No, you can't ride in that golf buggy.

In particular, scouting out each course as you go becomes a crucial part of the proceedings. With the help of the game's overhead topographical map, you can swiftly zone in on where your shot's going, allowing you to not only avoid the many hazards along the way, but also take into account the lay of the land. Previously, this top-down viewpoint only used to come into play on the putting green, but its inclusion for the rest of the course aids your overall strategy immensely. Another nice 'new' addition is the ability to skip the shot animation to the end result, with a dotted white line to illustrate the flight of the ball - always useful when you've completely messed up.

As usual, once you're on the green the play mechanics switch slightly so that you're fully focused on positioning the shot, the amount of power to apply as well as the prevailing wind, taking into account the undulations along the way. Time and again, seemingly straightforward putts overshoot dramatically, or end up dragged dramatically away from the line you intended. To get really good at Everybody's Golf requires not only plenty of patience and exquisite timing, but an appreciation of the physics at work. It's a game of blessed simplicity but keeps you coming back thanks to its depth. It's a deceptive number, for sure.

It doesn't hurt, either, that Clap Hanz has populated the game with such an endearing cast of oddball losers - each one chock full of cracking one-liners that lighten the mood when things go wrong, and give a gloating sense of achievement when you pull off something astonishing. The general standard of banter between the caddies and players, as well, is really heart-warming stuff, with surreal nonsense peppering the play. Sure, it all gets a bit repetitive after a while, but we're not complaining. You could justifiably argue that the whole game is repetitive - and it is - but it's just one of those rare games that seem to have an endlessly enduring appeal despite its inherent simplicity.

Be my PAL

The whip would've come in handy, but they wouldn't let us use it.

Listing 'new' features is fairly meaningless given that PAL gamers missed out on version 3 (unless you went down the import route, of course), but nevertheless the game's been beefed up quite significantly in almost every area, including characters (34 in total - 24 golfers, 10 caddies), courses (seven new ones in addition to the five existing ones from EG3). Added to that are some fairly throwaway extras, such as a couple of crazy golf courses and one 3-par nine hole course to offer up something more instantly digestible. For us, though, there was so much to be gleaned from tackling the full courses and the versus mode to spend more than a few sessions trying to score holes in one. Nice to have it, mind you.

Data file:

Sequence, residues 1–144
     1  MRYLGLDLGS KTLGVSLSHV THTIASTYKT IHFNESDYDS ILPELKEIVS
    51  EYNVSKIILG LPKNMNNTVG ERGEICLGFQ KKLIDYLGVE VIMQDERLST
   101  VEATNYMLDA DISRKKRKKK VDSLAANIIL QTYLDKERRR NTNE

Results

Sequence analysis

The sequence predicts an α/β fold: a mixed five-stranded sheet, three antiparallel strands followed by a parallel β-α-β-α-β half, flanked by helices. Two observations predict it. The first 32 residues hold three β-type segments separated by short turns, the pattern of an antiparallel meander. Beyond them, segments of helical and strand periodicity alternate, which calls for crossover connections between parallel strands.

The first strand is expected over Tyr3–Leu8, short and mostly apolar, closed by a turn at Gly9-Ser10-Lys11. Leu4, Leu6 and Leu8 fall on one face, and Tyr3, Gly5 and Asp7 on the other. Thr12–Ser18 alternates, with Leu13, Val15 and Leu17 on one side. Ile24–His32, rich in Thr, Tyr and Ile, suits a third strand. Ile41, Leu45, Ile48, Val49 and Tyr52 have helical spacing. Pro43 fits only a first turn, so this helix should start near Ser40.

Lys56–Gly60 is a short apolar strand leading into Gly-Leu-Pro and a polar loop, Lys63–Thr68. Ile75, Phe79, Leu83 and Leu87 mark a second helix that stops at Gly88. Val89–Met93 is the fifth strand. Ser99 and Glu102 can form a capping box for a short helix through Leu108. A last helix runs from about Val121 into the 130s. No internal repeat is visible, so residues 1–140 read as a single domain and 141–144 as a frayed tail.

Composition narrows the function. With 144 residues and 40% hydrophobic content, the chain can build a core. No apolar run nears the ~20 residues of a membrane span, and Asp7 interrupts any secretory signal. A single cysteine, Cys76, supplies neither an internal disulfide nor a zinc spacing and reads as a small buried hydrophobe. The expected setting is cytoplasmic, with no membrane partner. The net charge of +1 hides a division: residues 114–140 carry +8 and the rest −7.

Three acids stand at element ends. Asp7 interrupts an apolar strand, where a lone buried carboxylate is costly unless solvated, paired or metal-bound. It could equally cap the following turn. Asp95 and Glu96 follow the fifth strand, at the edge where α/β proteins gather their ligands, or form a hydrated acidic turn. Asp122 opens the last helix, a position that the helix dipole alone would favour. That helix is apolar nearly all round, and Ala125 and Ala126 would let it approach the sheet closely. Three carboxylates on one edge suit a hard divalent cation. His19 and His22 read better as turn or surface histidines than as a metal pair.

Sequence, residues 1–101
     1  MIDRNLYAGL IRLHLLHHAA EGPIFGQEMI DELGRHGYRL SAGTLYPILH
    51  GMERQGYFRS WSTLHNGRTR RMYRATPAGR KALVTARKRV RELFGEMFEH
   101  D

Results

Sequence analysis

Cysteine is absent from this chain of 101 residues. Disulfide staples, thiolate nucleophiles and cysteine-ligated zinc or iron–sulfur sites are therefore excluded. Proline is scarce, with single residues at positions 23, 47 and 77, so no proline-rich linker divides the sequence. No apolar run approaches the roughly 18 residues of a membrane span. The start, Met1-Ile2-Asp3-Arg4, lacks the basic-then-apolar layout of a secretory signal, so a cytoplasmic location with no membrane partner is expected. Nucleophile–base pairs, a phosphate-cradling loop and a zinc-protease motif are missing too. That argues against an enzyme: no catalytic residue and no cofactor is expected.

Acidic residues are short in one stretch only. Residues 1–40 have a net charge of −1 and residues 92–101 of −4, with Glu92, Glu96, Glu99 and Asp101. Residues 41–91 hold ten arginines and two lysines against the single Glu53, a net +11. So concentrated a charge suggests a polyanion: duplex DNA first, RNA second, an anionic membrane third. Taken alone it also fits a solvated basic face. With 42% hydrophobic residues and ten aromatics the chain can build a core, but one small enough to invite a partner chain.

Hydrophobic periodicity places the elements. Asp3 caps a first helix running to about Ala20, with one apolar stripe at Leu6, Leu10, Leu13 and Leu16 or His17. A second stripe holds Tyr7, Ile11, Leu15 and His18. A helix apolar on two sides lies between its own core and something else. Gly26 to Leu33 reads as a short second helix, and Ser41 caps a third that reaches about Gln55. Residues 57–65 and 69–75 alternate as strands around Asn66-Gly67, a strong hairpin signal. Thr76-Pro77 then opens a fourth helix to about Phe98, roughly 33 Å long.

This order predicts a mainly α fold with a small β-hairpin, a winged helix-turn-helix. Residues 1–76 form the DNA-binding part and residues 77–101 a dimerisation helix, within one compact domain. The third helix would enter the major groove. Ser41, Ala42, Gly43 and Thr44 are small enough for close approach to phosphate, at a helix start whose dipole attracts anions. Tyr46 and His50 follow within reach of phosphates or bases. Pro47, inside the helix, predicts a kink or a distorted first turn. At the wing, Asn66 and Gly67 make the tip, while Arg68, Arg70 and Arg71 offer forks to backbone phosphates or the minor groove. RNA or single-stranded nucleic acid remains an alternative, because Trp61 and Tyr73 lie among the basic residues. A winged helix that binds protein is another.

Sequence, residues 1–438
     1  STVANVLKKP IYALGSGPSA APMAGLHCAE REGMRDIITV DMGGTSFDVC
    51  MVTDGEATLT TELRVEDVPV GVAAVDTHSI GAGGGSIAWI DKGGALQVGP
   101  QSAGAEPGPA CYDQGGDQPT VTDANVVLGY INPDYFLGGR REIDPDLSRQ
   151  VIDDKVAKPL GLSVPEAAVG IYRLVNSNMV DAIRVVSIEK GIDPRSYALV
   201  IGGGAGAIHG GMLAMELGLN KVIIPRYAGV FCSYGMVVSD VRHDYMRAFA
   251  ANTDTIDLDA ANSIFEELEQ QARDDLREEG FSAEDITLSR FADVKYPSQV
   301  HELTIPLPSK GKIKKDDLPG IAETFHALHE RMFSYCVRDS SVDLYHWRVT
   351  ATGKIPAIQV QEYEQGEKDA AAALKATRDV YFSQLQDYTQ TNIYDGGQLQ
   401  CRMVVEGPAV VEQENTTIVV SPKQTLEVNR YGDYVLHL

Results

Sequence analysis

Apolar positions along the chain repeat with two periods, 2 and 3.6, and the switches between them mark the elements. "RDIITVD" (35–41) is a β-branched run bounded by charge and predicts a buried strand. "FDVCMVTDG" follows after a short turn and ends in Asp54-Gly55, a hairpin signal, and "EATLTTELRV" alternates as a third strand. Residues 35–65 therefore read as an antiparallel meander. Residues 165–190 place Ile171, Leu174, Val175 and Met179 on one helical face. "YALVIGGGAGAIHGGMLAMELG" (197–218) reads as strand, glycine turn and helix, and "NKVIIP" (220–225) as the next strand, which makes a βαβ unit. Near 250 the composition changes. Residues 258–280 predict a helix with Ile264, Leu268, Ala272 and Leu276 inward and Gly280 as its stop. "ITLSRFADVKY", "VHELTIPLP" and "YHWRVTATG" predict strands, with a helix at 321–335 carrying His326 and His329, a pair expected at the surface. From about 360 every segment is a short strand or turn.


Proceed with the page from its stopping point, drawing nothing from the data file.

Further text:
Outside of the single-player dish, the presence of multiplayer certainly has huge appeal - both off and online. Offline it supports up to four players, but online is a veritable festival of golfing, supporting up to 50 players in a single tournament. There is an option to play a less intensive four-player online tournament, with the added advantage of being able to properly heckle your opponent, but the disadvantage of having to sit and wait for your opponent's turn. Either option offers enormous fun, though, and both have pros and cons to suit your specific needs. We're just happy to have the option to play online at all - and it's definitely a game worth configuring your network adaptor for.

As an alternative, or as a complement, to the EA style of license-obsessed golfing, Everybody's Golf is an excellent choice. In many ways its old-school approach to the green is just what's required, and with its heart-warming sense of humour nudging you along, Everybody's Golf is one of those simple but endearing classic titles that will occupy a special place on your shelves for years to come.

8 / 10